Developer: Creepyjar, Forever Entertainment S. A.
Publisher: Creepyjar, Forever Entertainment S. A.
Platform: Nintendo Switch (also available on PC via Steam)
Age Rating: PEGI 18
Release Date: 08/10/20 (18/08/18 on PC)
A code was provided for review purposes.
To play any game that is both daunting and frustrating, yet encouraging and achieving is mind-boggling to me. I didn’t think I’d enjoy Green Hell, and to tell you the truth, I hate and love it. Hours and hours of gameplay in and I feel a rollercoaster of emotions. Allow me to explain.
Green Hell is a survival sim that puts your psychological strength to the test, in a brutal open-world jungle inhabited with death and danger. It’s 2020 in a game.
The game opens with you, Jake, on a returning exhibition with your wife Mia looking to connect with the lost tribe Yabahuaca. This is introduced via the tutorial level, and is good at showing you the mechanics of the game and the controls. You’re here because Mia is looking to seek out this tribe to find out more about their excellent immunity to disease and life without modern medicines.
However, something goes wrong; Jake wakes up after just over a month in the Jungle with Mia calling through the radio, with no answer. It’s time to find Mia!
Now there’s a poignant reason behind going to look for what is essentially a closed-off tribe, but I won’t spoil it. The story unfolds really well as you explore. I’ve not played any survival games before, or at least none that I’ve found engaging enough to continue playing, until now.
Naturally, things don’t go so well. You wake up with nothing but your backpack and the gifted solar watch from Mia, that’s it! You have to channel your inner Ray Mears and get crafting, use rocks to create sharper rocks, bows, bandages, fires, shelters and more to survive!
Rock + Stick = Axe
This game has so many mechanics designed to create the most realistic survival experience around; wounds need to be tended and bandaged; your energy levels need to be replenished with food, water and sleep. You need fire to cook food and some form of sanity when alone in the jungle, don’t eat the raw mushrooms! Food even spoils if kept too long in your backpack.
In my first couple of hours of the play-through, I died of food poisoning, starvation, venom and dehydration, and each time you restart to the last saved point. Unless you turn on “real death” and then that’s it, game over. Oh and watch out for the wild animals too!
This was so frustrating to start, I couldn’t figure out where to go or what to do. Slowly I realised I could capture rainwater in coconut shells if left them out in the rain, that’s hydration sorted. I can wash in the rivers, create bandages from leaves, cook frog meat and other animals by my fire, chop down trees and build huge shelters to keep me safe and allow me to save the game by sleeping and resting.
You get so caught up in this game, you forget where you’re going and end up getting bitten by a snake, it’s tedious, but also exciting, every reload of the save is different. I burnt through 100% battery on the Switch before I realised I needed a break and to the food of my own.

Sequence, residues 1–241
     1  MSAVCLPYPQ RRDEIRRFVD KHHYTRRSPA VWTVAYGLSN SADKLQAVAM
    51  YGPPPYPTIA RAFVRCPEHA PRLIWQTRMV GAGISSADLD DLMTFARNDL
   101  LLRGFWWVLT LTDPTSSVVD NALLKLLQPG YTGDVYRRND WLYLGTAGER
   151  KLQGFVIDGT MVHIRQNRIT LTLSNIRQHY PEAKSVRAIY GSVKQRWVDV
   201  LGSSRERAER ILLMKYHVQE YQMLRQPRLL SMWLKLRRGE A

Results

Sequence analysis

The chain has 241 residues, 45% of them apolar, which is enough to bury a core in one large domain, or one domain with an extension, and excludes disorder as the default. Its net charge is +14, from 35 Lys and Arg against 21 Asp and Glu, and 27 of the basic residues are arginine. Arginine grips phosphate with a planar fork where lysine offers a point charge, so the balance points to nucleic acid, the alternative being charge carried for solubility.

Whilst I thought the environment looked great on the Switch, it looks 100% better on a larger display. This game was designed for luscious graphical settings. The world is vast and on a small screen it’s often difficult to make out the smaller items in the rucksack, or craft an item and keep an eye on the world whilst the screen is engulfed in those mechanics. A few times I’ve missed where I’ve placed something on the ground because I can’t quite see it.
Playing this on a Switch probably isn’t the best way to experience this incredible title, I’ve seen some of the videos and screenshots from PC, and it looks so much better.
Controlling the game was probably my biggest issue here, especially on the Switch, there are too many smaller items that, on such a small screen, make it frustrating. Movement of the character, swinging your weapons, climbing are all ok. Still, when you get into the nitty-gritty like placing objects together to make new ones, or removing stacks of mushrooms because they’ve spoiled, you can accidentally select the wrong item.
Besides the beautiful graphics and the frustrating controls on the Switch, the audio is luscious. Headphones in and you’re in the Amazon, the voice acting is on point, and the emotion behind the words is poignant. I felt connected to their journey through the storytelling.
This review has taken me a little longer than expected to write. Mainly because I’ve progressed slowly and carefully through the game. I’ve visited the vast rainforest, hunted, died, survived, swam, even throwing rocks at coconuts to collect their shells. This all takes time and it’s just so satisfying.
I can’t recommend this game enough if you’re into survival sims, but I would recommend it on a bigger screen. The smaller display does this game no justice.
Still, Bear Grylls got nothing on me.
Rapid Reviews Rating
Green Hell can be purchased for the Nintendo Switch via the eShop here